LA Times interviews Brenda E. StevensonHistorians in the News
tags: Los Angeles, Race, LA Times, UCLA, LA riots, Brenda E. Stephenson
Historian Brenda E. Stevenson (pictured in her UCLA office, with an African sculpture) mostly writes about the long-gone — 18th and 19th century African Americans, and the lives of enslaved women. Then came the case that made history while L.A. watched: Korean-born shopkeeper Soon Ja Du killed black teenager Latasha Harlins over a bottle of orange juice. A jury convicted Du of voluntary manslaughter, but she was sentenced only to probation and community service.
Stevenson's new book, "The Contested Murder of Latasha Harlins," analyzes the other "no justice, no peace" case that echoes through the 1992 riots and into the present day.
Thirteen days after the Rodney King beating, Harlins was shot and killed. Where were you when all of this happened?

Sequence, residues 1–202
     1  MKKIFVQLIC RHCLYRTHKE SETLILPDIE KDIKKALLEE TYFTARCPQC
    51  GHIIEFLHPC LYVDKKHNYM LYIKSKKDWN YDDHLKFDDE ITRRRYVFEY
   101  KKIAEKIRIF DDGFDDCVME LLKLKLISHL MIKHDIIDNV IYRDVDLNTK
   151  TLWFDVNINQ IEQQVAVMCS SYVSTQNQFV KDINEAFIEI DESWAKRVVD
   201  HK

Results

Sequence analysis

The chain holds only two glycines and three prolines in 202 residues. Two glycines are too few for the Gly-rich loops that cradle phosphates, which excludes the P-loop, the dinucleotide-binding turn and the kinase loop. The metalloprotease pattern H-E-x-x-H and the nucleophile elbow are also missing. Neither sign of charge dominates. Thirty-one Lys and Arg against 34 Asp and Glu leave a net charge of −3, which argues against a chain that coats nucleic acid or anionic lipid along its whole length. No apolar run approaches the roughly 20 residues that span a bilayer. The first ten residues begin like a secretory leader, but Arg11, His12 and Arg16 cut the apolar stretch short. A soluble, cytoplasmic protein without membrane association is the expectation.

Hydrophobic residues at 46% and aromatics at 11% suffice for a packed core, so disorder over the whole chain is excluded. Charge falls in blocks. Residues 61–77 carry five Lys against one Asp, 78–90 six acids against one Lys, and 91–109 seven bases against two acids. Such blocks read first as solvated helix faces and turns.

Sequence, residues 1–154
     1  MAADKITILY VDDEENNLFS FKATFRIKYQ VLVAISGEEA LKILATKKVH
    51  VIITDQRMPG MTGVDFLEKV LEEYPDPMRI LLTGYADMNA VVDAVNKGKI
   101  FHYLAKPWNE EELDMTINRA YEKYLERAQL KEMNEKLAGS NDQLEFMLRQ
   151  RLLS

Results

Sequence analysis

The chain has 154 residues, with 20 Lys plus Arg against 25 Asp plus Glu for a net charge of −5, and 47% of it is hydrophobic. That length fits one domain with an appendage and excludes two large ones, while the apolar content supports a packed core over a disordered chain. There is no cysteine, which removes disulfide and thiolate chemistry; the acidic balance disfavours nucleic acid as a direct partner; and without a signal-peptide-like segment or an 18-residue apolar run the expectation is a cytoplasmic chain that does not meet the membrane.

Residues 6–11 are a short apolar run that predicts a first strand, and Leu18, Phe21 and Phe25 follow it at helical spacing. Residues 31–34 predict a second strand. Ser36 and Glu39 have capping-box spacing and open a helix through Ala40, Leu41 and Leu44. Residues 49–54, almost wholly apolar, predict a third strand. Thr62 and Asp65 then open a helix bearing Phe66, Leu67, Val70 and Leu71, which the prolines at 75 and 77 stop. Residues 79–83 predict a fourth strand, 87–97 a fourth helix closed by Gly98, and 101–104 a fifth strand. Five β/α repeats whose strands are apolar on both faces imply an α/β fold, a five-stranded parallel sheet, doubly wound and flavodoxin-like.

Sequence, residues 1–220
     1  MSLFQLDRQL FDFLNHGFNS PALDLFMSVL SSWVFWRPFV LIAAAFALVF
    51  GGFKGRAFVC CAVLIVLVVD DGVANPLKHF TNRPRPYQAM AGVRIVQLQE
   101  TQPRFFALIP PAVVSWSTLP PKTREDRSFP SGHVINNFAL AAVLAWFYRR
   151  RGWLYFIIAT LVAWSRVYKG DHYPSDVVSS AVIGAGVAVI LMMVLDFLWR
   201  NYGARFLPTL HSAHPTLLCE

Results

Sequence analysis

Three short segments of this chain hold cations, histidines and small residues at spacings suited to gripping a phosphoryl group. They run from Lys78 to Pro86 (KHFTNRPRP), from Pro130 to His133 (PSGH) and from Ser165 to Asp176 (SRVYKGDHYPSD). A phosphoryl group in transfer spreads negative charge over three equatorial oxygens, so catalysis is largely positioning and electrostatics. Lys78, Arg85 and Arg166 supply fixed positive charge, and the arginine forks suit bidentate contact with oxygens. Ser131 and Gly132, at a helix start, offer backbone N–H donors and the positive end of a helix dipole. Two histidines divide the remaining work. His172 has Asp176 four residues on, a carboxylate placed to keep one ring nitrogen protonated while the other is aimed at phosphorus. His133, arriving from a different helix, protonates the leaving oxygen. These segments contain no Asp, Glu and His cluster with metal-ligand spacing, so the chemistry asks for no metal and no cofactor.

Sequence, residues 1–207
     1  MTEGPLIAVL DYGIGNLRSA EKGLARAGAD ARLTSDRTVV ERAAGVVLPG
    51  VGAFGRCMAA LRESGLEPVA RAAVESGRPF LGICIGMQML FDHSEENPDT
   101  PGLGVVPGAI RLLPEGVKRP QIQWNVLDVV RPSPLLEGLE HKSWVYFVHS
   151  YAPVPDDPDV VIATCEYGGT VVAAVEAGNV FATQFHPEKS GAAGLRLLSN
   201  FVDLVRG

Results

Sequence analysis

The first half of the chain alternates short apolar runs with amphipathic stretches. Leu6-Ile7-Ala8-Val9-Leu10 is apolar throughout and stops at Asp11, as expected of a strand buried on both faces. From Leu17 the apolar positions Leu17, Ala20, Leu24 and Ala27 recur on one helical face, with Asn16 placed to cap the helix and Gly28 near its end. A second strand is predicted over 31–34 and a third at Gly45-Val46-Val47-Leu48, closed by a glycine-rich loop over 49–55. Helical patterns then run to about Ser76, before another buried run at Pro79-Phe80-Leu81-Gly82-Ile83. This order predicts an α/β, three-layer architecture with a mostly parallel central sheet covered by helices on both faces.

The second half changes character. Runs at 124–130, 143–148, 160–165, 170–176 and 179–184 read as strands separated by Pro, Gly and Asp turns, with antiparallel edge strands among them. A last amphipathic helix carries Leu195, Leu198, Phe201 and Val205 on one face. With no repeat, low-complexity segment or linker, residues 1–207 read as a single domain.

I had just moved to Los Angeles. I'd been teaching at the University of Texas at Austin, and I thought, "L.A. is going to be this wonderful, liberal place." The Rodney King event happened, then Latasha Harlins. I thought I'd jumped from the frying pan into the fire....
comments powered by Disqus
- Pollution Hurts Some People More Than Others. That’s Been True for Centuries.
- Do U.S. Strikes Send a ‘Message’ to Rivals? There’s No Evidence
- Why President Trump is probably right about the ‘ridiculous standard’ of the first 100 days
- Its location a mystery for centuries, huge Indian city is found in Kansas
- Second parchment manuscript copy of Declaration of Independence found — in England
- Rick Perlstein’s still drawing brickbats for his confession in the NYT that historians (like him) have misinterpreted modern conservatism
- “Historians are shockingly dismissive of people in ‘flyover country,’ ” says Pulitzer-winning historian T. J. Stiles
- UNC history department in uproar after a professor’s course on sports history was cancelled
- French bestseller is a dense history of France written by 122 academics
- ‘Sherlock Holmes of Armenian Genocide’ Uncovers Lost Evidence